Mr. Turner Review: Brush Strokes in Plain Sight

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There have been two exceptional biopics released this year, The Wind Rises and The Theory of Everything. What made them great was that they didn’t totally end up being about the subject of the biopic, transcending to become artistic and truthful in their storytelling. Mr. Turner wants desperately to be one of those types of biopics, but it never quite gets off the ground and is very much about its subject and not necessarily anything else.

Timothy Spall masterfully plays William Turner, a British artist known for his revolutionary style. The film follows his life, highlighting his relationship with his father, love life, and eventual death. It’s a transformational performance for Spall, who huffs and grunts throughout the film with a menacing scowl. Yet, at times, he still plays Turner warmly, but only to the people he truly connected with.

Spall is absolutely the best thing about Mr. Turner. Otherwise, this is mostly just a stuffy, overlong biography. At two and a half hours, there’s only so much more grunting we can take before the credits roll. The script is written with a pretension that not even Turner himself can escape. This is a film about the failures of other artists in the shadow of Turner, not the celebration of the medium it could have been.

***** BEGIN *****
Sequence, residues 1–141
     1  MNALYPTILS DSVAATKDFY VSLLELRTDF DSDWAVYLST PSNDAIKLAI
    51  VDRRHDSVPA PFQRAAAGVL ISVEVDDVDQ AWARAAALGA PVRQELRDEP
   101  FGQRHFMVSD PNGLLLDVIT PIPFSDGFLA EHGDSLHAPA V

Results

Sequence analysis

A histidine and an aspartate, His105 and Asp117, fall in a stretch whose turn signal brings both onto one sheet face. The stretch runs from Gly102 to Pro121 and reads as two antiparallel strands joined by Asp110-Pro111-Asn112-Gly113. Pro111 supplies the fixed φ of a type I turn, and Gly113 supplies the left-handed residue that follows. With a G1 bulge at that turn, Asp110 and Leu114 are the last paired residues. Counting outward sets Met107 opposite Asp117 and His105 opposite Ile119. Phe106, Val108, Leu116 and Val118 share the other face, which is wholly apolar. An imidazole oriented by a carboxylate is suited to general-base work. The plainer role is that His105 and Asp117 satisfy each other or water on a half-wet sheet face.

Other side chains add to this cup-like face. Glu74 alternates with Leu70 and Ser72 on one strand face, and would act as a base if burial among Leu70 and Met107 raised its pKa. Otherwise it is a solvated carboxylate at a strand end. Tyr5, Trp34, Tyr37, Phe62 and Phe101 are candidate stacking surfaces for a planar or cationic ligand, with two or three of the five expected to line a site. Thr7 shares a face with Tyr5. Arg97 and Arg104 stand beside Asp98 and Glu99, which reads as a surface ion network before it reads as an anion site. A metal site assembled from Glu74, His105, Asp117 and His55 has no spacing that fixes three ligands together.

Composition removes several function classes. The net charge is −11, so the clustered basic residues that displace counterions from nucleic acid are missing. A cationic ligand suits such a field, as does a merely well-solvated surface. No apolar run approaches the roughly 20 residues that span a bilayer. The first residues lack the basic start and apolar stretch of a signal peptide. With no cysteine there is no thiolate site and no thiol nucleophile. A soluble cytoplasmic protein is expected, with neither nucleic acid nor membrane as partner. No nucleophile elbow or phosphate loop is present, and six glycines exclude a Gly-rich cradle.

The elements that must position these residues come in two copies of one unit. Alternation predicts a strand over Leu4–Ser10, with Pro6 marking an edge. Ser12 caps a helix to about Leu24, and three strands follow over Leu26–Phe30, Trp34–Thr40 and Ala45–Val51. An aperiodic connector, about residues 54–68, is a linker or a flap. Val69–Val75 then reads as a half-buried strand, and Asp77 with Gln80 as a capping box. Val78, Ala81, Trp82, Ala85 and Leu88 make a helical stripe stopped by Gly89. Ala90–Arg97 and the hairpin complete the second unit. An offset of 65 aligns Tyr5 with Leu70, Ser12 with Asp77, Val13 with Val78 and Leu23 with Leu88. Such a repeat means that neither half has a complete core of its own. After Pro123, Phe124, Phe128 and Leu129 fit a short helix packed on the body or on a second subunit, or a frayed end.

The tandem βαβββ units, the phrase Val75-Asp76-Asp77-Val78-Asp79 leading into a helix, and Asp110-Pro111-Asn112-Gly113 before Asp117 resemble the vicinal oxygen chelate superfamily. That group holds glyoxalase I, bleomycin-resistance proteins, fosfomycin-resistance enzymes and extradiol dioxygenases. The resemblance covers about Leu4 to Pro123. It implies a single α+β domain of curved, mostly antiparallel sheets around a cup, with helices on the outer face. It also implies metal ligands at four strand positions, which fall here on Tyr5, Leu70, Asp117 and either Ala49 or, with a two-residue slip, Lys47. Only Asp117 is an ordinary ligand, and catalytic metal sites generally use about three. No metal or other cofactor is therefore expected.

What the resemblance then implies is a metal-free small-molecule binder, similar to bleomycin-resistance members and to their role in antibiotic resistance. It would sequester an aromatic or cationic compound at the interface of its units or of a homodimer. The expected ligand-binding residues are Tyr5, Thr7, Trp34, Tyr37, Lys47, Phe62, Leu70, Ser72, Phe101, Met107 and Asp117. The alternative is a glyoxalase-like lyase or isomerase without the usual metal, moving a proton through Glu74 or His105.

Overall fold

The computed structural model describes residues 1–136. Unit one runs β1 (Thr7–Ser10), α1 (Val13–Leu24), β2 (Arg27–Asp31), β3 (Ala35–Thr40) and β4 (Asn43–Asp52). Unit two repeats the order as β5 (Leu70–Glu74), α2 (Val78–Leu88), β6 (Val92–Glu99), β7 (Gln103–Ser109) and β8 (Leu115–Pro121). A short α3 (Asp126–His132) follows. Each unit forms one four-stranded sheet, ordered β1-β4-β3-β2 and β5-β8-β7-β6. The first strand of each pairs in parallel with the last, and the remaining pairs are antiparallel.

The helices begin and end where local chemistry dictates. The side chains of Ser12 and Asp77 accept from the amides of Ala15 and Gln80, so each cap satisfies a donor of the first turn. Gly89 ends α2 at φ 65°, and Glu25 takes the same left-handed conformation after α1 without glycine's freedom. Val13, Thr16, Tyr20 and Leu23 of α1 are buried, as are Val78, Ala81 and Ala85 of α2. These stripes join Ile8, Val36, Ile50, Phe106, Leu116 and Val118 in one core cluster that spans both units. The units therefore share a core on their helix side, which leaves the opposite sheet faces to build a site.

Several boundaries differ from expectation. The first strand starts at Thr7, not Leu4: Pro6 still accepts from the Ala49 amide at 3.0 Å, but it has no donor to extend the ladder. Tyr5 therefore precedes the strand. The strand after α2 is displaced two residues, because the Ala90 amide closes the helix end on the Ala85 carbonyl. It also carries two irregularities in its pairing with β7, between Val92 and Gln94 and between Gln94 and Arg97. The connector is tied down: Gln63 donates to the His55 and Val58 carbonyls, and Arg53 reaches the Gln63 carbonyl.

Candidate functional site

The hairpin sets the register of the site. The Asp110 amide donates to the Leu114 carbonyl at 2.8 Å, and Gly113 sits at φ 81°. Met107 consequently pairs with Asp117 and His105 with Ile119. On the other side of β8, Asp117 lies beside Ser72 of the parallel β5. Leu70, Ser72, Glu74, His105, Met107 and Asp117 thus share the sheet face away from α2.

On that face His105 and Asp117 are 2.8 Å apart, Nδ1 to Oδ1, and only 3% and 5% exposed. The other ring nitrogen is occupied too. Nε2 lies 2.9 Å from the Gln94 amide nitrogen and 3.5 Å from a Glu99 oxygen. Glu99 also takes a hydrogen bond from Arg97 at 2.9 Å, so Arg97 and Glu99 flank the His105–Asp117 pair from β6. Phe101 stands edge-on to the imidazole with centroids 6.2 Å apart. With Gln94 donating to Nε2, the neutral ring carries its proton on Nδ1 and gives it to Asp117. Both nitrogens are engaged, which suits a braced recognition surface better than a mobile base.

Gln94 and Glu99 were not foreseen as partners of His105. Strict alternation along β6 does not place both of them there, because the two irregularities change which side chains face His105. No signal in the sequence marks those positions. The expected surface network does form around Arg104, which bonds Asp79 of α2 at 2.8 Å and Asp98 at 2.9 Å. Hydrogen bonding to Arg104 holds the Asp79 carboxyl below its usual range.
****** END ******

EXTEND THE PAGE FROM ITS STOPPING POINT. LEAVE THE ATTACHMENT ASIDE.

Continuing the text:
That said, this is still a very well-made film. The costumes and sets are expectedly stunning. Spall definitely carries it on his back, but he proves just how strong of an actor he is in the process. This being a biopic, a genre made for character pieces, it’s acceptable enough for him to be the best thing about the film. I just wish some of the ideas surrounding him felt more open-minded. Grade: B

By Matt Dougherty

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